Where can marketers find teen boys? Video arcades are the best bet, says Eric Hebel, VP of Channel M, an 11-year-old L.A.-based company that runs a network of closed-circuit TV programming outlets in 175 U.S. mall-based arcades.
Targeting males in the 12 to 24 age bracket (comprising 67% of Channel M Arcade Network’s reach), Channel M’s TV screens blast out high-energy music videos, extreme sports coverage, music artist interviews, trivia, animation-and demo-appropriate advertising. For US$55,000, teen marketers can run 30-second spots on the Network every 40 minutes, netting more than 80,000 exposures with six million viewers every 28 days.
‘Marketers are having a harder and harder time reaching teen boys through traditional means of advertising,’ says Hebel. ‘They’re not watching TV every night, and they don’t read a lot of magazines, so marketers need to look at new vehicles to get them.’ Channel M has worked with biggies like Nintendo, Mattel, Coca-Cola, Lego and Hasbro, as well as various movie studios and television networks. Marla K. Goldstein, NBC’s senior director of media planning, used Channel M to promote last year’s critically-acclaimed high school dramedy series Freaks and Geeks and the net’s Saturday morning teen programming block tNBC. Goldstein says females are easy to reach through magazines such as Seventeen, YM, Teen Vogue and Tiger Beat, but ‘there are considerably fewer ways, in terms of size of audience and relative impact, to reach teen boys. Channel M delivers that audience that we really can’t get any other way.’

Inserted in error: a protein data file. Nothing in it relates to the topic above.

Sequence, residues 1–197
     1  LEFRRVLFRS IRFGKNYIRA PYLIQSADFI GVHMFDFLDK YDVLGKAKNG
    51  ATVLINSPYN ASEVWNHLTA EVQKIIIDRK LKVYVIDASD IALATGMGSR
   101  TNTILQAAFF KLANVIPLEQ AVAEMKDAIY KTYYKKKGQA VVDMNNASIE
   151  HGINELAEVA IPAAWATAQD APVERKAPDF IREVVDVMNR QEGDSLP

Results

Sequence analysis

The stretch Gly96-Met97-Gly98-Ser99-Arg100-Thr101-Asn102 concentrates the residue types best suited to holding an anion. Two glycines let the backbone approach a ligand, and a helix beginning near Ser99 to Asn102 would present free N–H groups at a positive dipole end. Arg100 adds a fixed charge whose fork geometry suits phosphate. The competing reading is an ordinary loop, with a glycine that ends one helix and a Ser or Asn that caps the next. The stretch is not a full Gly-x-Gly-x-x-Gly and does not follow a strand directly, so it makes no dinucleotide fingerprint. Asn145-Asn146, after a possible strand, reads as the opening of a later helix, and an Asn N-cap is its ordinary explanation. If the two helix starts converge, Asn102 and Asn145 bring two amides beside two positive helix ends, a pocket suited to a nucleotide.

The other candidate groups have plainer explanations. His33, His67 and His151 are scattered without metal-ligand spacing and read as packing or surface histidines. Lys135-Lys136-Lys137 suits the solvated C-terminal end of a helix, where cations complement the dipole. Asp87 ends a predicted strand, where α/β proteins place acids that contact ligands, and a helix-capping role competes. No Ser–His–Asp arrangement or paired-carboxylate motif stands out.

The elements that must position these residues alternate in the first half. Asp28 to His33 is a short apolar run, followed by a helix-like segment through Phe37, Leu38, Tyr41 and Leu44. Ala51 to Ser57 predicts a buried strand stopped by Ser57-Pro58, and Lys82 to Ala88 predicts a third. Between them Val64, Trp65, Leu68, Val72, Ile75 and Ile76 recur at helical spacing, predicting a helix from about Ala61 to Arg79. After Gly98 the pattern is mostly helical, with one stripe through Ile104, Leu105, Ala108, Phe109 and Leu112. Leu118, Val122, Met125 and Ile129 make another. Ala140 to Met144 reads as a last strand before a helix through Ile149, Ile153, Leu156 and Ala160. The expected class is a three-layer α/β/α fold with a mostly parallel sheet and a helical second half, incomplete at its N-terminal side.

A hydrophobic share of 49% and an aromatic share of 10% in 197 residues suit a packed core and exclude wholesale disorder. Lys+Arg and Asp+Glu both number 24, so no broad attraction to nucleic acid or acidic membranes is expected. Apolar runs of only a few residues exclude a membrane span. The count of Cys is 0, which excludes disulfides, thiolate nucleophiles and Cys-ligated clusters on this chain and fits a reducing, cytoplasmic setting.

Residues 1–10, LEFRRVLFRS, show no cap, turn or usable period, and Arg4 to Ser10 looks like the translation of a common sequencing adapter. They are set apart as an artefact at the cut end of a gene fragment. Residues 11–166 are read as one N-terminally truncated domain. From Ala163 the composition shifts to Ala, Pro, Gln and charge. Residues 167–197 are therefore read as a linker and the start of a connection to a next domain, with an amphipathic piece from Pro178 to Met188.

San Francisco-based Zowi Corporation, which offers a chequing account- or credit card-funded buying card called Cobaltcard that lets teens shop on-line and at stores that accept American Express, is the newest Channel M advertiser. Looking to skew its product slightly male, Zowi has commissioned Channel M to create a 15-second TV spot that starts running on the Arcade Network (two locations) this month. The spot, along with supporting display posters and flyers in arcades, direct teens to a special URL with the incentive to win prizes like 1,000 free tokens or US$250 on a Cobaltcard. Rounding out the program, a second on-line sweepstakes on www.namcoarcade.com, a teen video game enthusiast site that nets between 17,000 and 20,000 daily hits, will offer the same prizes.
The largest out-of-home TV network in the U.S., Channel M also reaches consumers at movie theaters and Blockbuster stores, reaching a total of 11 million six- to 11-year-olds and about 30 million kids in the two to 17 range every 28 days. Channel M recently launched a Retail TV service designed for retailers with in-store TVs.
Hebel says music chains will be Channel M’s next natural location, and plans also include going after restaurants with a kid-specific audience like Chuckie Cheese.